If this is your strategy, to the CRA, you’ve earned less, but you’re really making even more. You’ve put aside $9,857 to your RRSP towards your income. You can also invest that amount into a dividend stock like Canadian Imperial Bank of Commerce right away to earn even more in dividend income! Plus, it’s in value territory today, offering defence during this downturn, as we enter and eventually exit a recession.

You can also break up your investment of $9,857 up to ease the blow over the next year. It would take $822 each month for you to reach your eventual goal to bring you down into an entirely new tax bracket. You could also just aim for a lesser federal or provincial tax bracket as well.

Whatever your choice, make sure to consistently invest to make the most of your retirement income. And don’t go spending all those tax savings in one place!

This article represents the opinion of the writer, who may disagree with the “official” recommendation position of a Motley Fool premium service or advisor. We’re Motley! Questioning an investing thesis — even one of our own — helps us all think critically about investing and make decisions that help us become smarter, happier, and richer, so we sometimes publish articles that may not be in line with recommendations, rankings or other content.

Fool contributor Amy Legate-Wolfe has positions in Canadian Imperial Bank Ofmmerce. The Motley Fool has no position in any of the stocks mentioned. The Motley Fool has a disclosure policy.

More on Stocks for Beginners

Young woman sat at laptop by a window
Stocks for Beginners

3 Stocks Beginners Can Buy in 2023 and Hold for Decades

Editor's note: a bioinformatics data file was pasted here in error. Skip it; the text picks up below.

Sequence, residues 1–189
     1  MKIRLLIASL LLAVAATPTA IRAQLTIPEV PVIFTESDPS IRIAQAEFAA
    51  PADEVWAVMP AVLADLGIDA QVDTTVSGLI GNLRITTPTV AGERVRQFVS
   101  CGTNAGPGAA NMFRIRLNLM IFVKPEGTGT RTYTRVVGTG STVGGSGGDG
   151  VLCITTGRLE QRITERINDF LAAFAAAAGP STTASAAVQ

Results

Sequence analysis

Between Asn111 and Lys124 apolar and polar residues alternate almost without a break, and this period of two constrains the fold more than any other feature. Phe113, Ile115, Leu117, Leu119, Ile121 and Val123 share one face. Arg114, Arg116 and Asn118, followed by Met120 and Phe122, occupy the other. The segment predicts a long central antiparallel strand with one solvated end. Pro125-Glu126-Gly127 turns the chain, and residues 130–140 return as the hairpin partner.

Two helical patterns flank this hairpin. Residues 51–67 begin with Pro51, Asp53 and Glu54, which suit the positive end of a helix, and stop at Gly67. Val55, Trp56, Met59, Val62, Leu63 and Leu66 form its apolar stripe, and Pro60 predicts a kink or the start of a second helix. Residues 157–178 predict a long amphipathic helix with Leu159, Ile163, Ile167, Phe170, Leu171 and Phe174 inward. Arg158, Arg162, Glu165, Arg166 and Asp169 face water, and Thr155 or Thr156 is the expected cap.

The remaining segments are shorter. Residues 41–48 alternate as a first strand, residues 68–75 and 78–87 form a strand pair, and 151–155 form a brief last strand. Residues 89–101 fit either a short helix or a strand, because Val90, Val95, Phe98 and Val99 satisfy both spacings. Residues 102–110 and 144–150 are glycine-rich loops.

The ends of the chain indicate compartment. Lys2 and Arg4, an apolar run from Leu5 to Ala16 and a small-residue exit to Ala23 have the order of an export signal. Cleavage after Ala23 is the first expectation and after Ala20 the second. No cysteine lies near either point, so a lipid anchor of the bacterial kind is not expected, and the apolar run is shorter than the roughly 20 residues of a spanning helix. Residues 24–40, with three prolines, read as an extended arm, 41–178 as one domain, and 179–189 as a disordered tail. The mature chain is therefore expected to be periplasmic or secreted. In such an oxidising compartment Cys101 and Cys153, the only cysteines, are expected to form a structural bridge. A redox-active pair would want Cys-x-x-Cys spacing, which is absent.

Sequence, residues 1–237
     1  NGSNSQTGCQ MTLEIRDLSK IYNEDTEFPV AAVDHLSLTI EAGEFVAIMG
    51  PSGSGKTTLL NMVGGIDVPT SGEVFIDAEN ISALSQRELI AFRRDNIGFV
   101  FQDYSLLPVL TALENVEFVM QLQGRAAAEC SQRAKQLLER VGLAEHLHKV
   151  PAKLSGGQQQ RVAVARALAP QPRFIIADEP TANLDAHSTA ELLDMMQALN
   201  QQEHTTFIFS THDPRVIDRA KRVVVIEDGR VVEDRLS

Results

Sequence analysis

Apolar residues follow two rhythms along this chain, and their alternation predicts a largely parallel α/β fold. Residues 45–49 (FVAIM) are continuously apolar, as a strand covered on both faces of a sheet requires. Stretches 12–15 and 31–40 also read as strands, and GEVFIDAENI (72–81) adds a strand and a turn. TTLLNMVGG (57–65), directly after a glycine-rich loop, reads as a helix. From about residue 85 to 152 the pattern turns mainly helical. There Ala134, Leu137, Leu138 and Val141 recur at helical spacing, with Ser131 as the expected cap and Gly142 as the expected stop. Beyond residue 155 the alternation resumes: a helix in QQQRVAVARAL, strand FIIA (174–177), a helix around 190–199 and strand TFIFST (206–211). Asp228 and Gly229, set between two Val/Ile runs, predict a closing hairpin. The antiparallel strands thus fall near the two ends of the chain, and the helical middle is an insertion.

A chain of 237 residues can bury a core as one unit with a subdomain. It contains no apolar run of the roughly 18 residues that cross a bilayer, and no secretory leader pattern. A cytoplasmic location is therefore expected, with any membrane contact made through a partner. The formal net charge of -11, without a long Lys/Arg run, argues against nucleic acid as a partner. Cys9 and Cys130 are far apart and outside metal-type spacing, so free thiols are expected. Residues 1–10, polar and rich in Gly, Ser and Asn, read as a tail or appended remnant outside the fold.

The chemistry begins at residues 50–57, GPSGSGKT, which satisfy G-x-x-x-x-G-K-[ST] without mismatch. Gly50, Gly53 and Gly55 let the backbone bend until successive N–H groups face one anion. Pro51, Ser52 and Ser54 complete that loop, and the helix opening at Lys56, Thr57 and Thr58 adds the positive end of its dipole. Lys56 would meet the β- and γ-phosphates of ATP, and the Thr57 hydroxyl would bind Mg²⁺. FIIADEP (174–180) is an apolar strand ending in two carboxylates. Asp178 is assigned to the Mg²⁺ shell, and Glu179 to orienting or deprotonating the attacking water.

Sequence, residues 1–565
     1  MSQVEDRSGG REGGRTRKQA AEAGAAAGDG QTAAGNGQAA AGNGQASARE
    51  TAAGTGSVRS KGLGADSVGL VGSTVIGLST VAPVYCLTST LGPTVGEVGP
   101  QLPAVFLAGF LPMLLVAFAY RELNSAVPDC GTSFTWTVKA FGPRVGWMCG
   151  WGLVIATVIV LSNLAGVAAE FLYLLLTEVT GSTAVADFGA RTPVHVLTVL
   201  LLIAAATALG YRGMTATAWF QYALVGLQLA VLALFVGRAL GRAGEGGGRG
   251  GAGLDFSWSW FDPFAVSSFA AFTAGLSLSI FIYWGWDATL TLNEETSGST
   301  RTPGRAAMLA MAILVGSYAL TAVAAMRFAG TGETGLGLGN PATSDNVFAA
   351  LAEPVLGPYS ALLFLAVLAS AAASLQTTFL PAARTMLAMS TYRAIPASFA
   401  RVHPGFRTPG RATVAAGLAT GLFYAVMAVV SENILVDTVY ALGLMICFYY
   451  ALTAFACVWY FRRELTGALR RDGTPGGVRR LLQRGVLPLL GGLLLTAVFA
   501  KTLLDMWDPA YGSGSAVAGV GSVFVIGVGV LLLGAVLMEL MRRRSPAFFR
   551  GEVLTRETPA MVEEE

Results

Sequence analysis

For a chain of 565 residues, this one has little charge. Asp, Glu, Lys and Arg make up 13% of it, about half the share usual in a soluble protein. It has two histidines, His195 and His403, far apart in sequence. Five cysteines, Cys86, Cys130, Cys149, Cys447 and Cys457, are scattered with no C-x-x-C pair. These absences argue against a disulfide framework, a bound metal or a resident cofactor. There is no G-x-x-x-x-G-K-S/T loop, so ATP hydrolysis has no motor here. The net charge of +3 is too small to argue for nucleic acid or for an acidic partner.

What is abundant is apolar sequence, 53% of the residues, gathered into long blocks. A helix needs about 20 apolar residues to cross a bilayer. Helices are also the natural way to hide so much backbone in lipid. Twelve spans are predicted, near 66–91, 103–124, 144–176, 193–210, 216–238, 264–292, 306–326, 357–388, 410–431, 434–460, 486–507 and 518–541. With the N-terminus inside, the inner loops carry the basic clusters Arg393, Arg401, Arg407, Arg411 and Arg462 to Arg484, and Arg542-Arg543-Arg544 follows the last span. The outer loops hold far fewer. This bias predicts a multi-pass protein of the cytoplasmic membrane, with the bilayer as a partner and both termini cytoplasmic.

Are you looking for a simple portfolio to get started as an investor? These three stocks are top performers and…

Read more »

Dividend Stocks

Slow and Steady: Buy this Railroad Stock Now to Win the Race

Investors looking for a solid and growing income should pick up shares in this railroad.

Read more »

A brown bear sitting on a rock
Stocks for Beginners

Where to Invest $10,000 in a Bearish Market

Here are some great options for low-risk and high-risk investors alike.

Read more »

retirees and finances
Dividend Stocks

RRSP Investors: Should You be Worried During a Recession?

RRSP savers might feel like gagging as they watch their investments fall, but stay strong! Especially with these TSX stocks.

Read more »

Businessperson's Hand Putting Coin In Piggybank
Stocks for Beginners

How I’d Build a TFSA if I Had to Start Over

Are you looking to start a TFSA? Here’s how I would build one if I had to start over.

Read more »

Stocks for Beginners

3 Top Stocks to Buy Now in a Once-in-a-Decade Opportunity

Don't wait. These three top stocks are the perfect additions to your portfolio and aren't likely to remain at these…

Read more »

retirees and finances
Dividend Stocks

How to Create a Million-Dollar TFSA in Two Decades

Your TFSA could create riches you didn't know were possible, but only if you commit again and again to your…

Read more »

Coworkers standing near a wall
Stocks for Beginners

2 Unassailable Earnings Growth Stocks for a Wobbly Economy

Aritzia and another top growth stock that could be hot performers through 2023 and beyond.

Read more »